“There is no claim to being a prophet but a claim to being a muhaddath, and this claim has been advanced by the command of Allah.”2

“…I lay no claim whatever to actual prophethood.… wherever the word nabi (prophet) is used in my writings, it should be taken as meaning muhaddath, and the word nabi (prophet) should be regarded as having been blotted out.”3

“It does not befit God that He should send a prophet after the Khatam-un-nabiyyin, or that He should re-start the system of prophethood after having terminated it. … I am not a prophet but a muhaddath from God, and a recipient of Divine revelation so that I may re-vitalise the religion of the Holy Prophet.”4

“One of the objections of those who call me a kafir is that I lay claim to prophethood and say that I am a prophet. The reply to this is that it should be known that I have not laid claim to prophethood, nor have I said that I am a prophet, but these people have made haste to make a mistake in understanding my words … I have said nothing to these people except what I have written in my books, that I am a muhaddath and that God speaks to me as He speaks to a muhaddath … and what right have I that I should lay claim to prophethood and get out of the pale of Islam?”5

“These people have not understood my words and they say that I am a claimant to prophethood, and this allegation of theirs is a clear lie.”6

“I firmly believe that our Holy Prophet Muhammad is the Last of the Prophets (Khatam-ul-anbiya), and after him no prophet shall come for this nation (umma), neither new nor old. … Of course, those who are muhaddath will come, who will be spoken to by God … I am one of these.”7

These are only a very few of the numerous statements made by Ahmad clearly denying any claim to prophethood. It is further explained in these statements that, when he called the muhaddath “in one sense a prophet”, he was using the word prophet in a literal sense, not in its proper or technical sense, and this is also called a metaphorical use of the word. It was the height of folly on the part of his opponents, and no less is it on the part of his followers belonging to the Qadian section, to take the word in a real sense when the person who uses it expressly states it to have been used in a metaphorical sense. This position he maintained to the last. Thus, in one of his last writings, Haqiqat-ul-Wahy, published less than a year before his death, he wrote:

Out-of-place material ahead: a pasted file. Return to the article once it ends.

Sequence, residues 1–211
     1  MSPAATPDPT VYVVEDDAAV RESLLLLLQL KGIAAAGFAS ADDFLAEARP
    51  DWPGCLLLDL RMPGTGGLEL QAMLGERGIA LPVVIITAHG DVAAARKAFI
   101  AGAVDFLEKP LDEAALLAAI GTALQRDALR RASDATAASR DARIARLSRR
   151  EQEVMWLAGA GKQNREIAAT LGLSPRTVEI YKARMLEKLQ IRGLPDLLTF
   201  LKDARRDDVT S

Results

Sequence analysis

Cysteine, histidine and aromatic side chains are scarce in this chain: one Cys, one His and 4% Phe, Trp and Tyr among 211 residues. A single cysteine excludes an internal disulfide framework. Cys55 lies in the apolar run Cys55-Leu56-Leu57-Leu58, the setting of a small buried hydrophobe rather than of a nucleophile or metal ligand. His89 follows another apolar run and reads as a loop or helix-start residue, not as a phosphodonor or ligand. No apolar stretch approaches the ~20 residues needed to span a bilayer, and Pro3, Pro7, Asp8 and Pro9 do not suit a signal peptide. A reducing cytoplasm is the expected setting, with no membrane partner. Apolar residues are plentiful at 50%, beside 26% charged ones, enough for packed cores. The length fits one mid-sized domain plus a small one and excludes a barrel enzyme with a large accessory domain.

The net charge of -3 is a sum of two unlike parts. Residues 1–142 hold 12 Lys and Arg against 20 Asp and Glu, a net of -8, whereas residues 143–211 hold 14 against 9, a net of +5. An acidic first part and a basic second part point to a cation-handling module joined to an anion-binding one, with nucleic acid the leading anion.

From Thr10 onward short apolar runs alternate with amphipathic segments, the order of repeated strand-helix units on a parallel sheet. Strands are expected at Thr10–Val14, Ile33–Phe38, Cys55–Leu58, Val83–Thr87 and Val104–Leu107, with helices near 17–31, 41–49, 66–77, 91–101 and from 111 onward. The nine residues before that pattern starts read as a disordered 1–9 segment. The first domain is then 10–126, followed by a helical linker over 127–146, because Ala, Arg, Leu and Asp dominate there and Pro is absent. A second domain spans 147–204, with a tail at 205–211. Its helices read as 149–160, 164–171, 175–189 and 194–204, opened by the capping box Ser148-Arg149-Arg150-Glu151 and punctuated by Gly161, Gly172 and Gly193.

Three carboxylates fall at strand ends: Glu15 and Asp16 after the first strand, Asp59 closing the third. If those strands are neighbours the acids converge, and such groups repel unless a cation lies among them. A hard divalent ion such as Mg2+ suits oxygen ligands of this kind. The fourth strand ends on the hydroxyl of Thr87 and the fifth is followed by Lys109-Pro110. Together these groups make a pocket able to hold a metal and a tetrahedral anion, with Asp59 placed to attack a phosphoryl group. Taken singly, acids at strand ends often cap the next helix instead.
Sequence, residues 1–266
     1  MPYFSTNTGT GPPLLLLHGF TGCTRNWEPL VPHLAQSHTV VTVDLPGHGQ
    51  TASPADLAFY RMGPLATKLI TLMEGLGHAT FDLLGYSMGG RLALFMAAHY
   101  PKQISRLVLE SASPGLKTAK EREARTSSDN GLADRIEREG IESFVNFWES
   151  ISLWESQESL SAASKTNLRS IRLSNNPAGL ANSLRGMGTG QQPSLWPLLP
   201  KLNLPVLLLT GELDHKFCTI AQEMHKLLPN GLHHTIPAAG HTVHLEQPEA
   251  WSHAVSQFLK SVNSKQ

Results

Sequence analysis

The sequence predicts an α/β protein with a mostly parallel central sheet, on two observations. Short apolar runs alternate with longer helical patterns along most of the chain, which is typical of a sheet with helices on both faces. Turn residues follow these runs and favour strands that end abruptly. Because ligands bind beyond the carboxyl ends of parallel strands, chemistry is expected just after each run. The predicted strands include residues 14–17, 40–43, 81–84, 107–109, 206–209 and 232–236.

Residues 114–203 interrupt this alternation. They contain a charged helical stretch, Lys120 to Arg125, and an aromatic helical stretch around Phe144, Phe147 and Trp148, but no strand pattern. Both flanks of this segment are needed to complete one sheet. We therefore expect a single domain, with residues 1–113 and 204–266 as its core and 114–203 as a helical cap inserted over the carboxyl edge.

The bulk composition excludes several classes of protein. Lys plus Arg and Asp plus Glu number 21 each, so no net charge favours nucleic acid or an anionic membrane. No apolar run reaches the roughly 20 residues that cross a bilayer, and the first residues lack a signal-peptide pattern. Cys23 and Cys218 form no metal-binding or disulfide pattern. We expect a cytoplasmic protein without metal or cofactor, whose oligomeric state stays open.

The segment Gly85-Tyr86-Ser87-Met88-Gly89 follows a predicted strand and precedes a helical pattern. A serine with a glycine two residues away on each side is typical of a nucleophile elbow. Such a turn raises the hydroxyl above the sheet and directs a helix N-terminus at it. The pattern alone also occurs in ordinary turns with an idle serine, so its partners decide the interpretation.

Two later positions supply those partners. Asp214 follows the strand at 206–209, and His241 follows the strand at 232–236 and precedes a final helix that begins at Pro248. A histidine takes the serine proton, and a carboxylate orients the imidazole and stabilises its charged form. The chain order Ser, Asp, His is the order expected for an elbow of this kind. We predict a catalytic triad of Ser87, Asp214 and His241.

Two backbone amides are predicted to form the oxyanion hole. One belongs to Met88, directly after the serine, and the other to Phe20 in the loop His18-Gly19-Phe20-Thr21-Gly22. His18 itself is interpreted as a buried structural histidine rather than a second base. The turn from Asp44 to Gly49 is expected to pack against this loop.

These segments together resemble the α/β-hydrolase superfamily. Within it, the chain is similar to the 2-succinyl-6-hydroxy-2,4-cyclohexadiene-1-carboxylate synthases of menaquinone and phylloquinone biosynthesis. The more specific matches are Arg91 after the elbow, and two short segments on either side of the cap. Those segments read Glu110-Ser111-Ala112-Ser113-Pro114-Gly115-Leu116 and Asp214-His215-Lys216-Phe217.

“This servant does not say anything but what the Holy Prophet said, and he does not go a single step out of his guidance; and he says that God has called him a prophet by His revelation, and I have been called so by the tongue of our Messenger, Mustafa; and he means nothing by prophethood but that he is frequently spoken to by God… and we do not mean by prophethood what is meant by it in the former Scriptures.”8

“And God does not mean by my prophethood anything but being frequently spoken to by Him, and the curse of God is on him who intends anything more than this … and our Messenger is the last of the prophets and the chain of messengers has come to an end in him … and nothing remains after him but being frequently spoken to by God, and that, too, on condition of being a follower of his … and I have been called a prophet of God in a metaphorical sense, not in the real sense.”9